Unjust enrichment is not a cause of action but a "principle underlying various doctrines and remedies, including quasi-contract." Jogani v. Superior Court, 165 Cal.App.4th 901, 911, 81 Cal.Rptr.3d 503 (2008). A claim for unjust enrichment cannot stand alone as an independent claim for relief. See Oestreicher v. Alienware Corp., 544 F.Supp.2d 964, 975 (N.D.Cal. 2008) ("since plaintiff's fraud-based claims have been dismissed, plaintiff has no basis for its unjust enrichment claim."); Sanders v. Apple Inc., 672 F.Supp.2d 978, 989 (N.D.Cal.2009) ("[unjust enrichment] claim will depend upon the viability of the Plaintiffs' other claims.").
In this case, since Plaintiffs have failed to allege a cause of action for relief, the unjust enrichment claim also must be dismissed.
E. Learned Intermediary Doctrine
In their moving papers, in describing that medical devices are not typical consumer products, Defendants raise the learned intermediary doctrine asserting that a manufacturer's duty to warn runs to the physician and not the patient but does not explain which cause of action is deficient based on this doctrine. In opposition, Plaintiffs notes the deficiency in Defendants' argument and further argue that if the learned intermediary doctrine applied, it is a fact-based defense to be determined at summary judgment or at trial and they also argue that the doctrine does not apply because INRatio products are not exclusively prescription devices and can be bought without a prescription.
California applies the "learned intermediary" doctrine which provides that the duty to warn in the case of medical devices runs to the physician, not the patient. Plenger v. Alza Corp., 11 Cal.App.4th 349, 362, 13 Cal.Rptr.2d 811 (1992) (prescription implanted medical device case); see also Carlin v. Superior Court, 13 Cal.4th 1104, 1116, 56 Cal.Rptr.2d 162, 920 P.2d 1347 (1996). A manufacturer fulfills its duty to warn if it provides adequate warnings to the physician. Plenger, 11 Cal. App.4th at 362 n. 6, 13 Cal.Rptr.2d 811 (citing cases); see also Brown v. Superior Court, 44 Cal.3d 1049, 1062 n. 9, 245 Cal.Rptr. 412, 751 P.2d 470 (1988). In order to prove causation, a plaintiff must allege that the inadequate warning or lack of warning about the medical device risk would have altered the prescribing physician's decision to use the product. Motus v. Pfizer, Inc., 196 F.Supp.2d 984, 991 (C.D.Cal.2001); Motus v. Pfizer Inc., 358 F.3d 659, 661 (9th Cir.2004) ("[A] product defect claim based on insufficient warnings cannot survive summary judgment if stronger warnings would not have altered the conduct of the prescribing physician."). Plaintiffs must also show that the failure to warn caused their injuries. Motus, 196 F.Supp.2 at 991.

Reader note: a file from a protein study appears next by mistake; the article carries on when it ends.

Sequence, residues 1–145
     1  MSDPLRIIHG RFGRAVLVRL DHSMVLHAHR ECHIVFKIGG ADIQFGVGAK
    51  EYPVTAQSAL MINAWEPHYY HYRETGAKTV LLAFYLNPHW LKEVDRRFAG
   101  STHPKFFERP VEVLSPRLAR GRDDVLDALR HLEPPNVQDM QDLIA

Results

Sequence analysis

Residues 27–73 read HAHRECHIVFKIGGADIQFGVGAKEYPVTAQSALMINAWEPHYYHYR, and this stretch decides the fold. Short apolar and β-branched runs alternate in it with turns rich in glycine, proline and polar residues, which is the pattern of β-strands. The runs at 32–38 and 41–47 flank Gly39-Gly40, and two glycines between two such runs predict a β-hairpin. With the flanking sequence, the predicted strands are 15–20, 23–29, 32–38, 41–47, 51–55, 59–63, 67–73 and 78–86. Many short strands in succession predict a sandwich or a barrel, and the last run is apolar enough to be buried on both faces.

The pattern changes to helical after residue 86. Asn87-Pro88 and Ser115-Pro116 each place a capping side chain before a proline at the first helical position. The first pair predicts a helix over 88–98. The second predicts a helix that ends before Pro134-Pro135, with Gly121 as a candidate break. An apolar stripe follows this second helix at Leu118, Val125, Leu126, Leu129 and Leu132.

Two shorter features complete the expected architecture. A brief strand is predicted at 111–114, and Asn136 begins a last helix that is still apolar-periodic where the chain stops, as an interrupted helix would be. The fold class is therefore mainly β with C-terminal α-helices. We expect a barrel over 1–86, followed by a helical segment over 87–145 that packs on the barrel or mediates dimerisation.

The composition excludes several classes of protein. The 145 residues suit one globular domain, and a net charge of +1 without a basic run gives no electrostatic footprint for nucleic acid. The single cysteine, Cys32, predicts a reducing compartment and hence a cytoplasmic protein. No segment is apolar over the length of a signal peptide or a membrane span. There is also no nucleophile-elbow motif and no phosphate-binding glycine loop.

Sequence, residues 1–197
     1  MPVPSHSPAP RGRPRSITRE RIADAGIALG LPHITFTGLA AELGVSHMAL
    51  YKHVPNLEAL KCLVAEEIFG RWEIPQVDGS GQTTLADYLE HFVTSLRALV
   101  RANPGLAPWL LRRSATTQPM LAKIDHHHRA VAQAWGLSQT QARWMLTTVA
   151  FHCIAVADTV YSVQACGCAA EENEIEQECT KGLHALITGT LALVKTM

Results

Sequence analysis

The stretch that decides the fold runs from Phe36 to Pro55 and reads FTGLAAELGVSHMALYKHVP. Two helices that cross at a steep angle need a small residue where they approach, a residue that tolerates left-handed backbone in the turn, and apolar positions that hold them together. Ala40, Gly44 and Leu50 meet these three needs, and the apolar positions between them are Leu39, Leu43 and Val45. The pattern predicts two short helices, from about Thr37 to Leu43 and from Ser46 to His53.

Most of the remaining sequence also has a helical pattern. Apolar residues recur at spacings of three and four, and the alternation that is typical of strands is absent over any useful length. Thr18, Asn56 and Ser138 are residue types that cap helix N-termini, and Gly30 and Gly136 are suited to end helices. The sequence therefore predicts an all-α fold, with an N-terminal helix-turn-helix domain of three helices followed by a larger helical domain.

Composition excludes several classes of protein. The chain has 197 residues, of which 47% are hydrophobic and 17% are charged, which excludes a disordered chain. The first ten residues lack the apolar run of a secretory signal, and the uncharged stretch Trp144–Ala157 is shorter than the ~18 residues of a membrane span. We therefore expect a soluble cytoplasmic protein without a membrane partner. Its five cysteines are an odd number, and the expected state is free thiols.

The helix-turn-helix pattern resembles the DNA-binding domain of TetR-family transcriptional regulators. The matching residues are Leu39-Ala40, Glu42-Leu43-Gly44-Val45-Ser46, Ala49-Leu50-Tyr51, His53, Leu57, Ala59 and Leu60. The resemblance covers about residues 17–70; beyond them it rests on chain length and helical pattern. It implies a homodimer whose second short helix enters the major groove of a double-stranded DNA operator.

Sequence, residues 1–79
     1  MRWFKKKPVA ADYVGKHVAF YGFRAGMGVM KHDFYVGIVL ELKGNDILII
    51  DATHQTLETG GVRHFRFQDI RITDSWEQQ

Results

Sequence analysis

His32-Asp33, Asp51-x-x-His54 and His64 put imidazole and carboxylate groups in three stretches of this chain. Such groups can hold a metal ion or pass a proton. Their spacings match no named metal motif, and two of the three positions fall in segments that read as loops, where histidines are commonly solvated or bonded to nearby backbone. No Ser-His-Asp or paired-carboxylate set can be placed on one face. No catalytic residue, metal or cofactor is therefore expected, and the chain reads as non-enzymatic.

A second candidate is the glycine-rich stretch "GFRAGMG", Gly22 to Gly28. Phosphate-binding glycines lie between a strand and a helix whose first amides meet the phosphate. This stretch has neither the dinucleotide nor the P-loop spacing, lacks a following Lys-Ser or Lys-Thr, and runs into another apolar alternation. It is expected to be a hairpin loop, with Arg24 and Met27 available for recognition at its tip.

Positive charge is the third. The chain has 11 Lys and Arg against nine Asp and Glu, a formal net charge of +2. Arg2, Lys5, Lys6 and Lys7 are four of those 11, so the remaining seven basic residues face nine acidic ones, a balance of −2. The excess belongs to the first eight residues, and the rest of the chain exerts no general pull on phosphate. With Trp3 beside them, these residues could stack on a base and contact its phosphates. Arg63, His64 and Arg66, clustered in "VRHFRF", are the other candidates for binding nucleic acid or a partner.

One district court has held that the learned intermediary doctrine applies to state consumer protections laws, such as the CLRA and UCL, but only if the claims are predicated on a failure to warn. Saavedra v. Eli Lilly and Co., No. 12cv9366-SVW-MAN, 2013 WL 3148923, at *3-4 (C.D.Cal. June 13, 2013). As one district court in Texas noted,
The gravamen of all of Plaintiffs' causes of action, including misrepresentation and violation of [Texas's Deceptive Trade Practices Act, "DTPA"], is that [the defendant drug manufacturer] failed to adequately warn of or disclose the severity of Norplant's side effects. Therefore, the learned intermediary doctrine applies to all of Plaintiffs' causes of action. Additionally, whether the failure to warn is couched as an affirmative misrepresentation or a misrepresentation by concealment, the allegation collapses into a charge that the drug manufacturer failed to warn. If the doctrine could be avoided by casting what is essentially a failure to warn claim under a different cause of action such as violation of the DTPA or a claim for misrepresentation, then the doctrine would be rendered meaningless.
In re Norplant Contraceptive Prods. Liability Litigation, 955 F.Supp. 700, 709 (E.D.Tex.1997).
Here, the Complaint does not assert a failure to warn cause of action; however, it appears that the misrepresentations and omissions claims are based on a failure to warn of the INRatio products' discrepant results. Plaintiffs argue, but do not allege in the complaint, that Andren purchased the INRatio2 testing kit at a pharmacy and therefore, the doctrine does not apply. Given that Plaintiffs are granted leave to amend, they should clarify whether the INRatio2 was prescribed by Andren's doctor or not. If INRatio2 was prescribed by a physician, then the doctrine applies to their case5 and if so, Plaintiffs must properly allege a failure to warn Plaintiffs' prescribing physician in an amended complaint. See Tapia v. Davol, Inc., 116 F.Supp.3d 1149, 1159 (S.D.Cal.2015) (granting motion to dismiss failure to warn cause of action because the plaintiff failed to allege that the defendants failed to warn his prescribing physician but only alleged "physician" in general); see Buckley v. Align Tech, Inc., No. 13cv2812-EJD, 2015 WL 5698751, at *4 (N.D.Cal. Sept. 29, 2015) (to the extent the plaintiff alleges a failure to warn, those claims fail due to the failure to allege that her dentist was misled by the defendant).
F. Leave to Amend
Leave to amend, whether or not requested by the plaintiff, should be granted unless amendment would be futile. Schreiber Distrib. Co., 806 F.2d at 1401. While Plaintiffs do not seek leave to amend, the Court concludes that it would not be futile to allow leave to amend and GRANTS Plaintiffs' leave to amend their complaint. See id.
Based on the above, the Court GRANTS Defendants' motion to dismiss with leave to amend. If Plaintiffs seek to amend the complaint, they shall file an amended complaint within 20 days of the filing date of this order. If Plaintiffs do not seek to file an amended complaint, they shall file a notice of voluntary dismissal within 20 days of the filing date of this order. The hearing date set for September 16, 2016 shall be vacated.
IT IS SO ORDERED.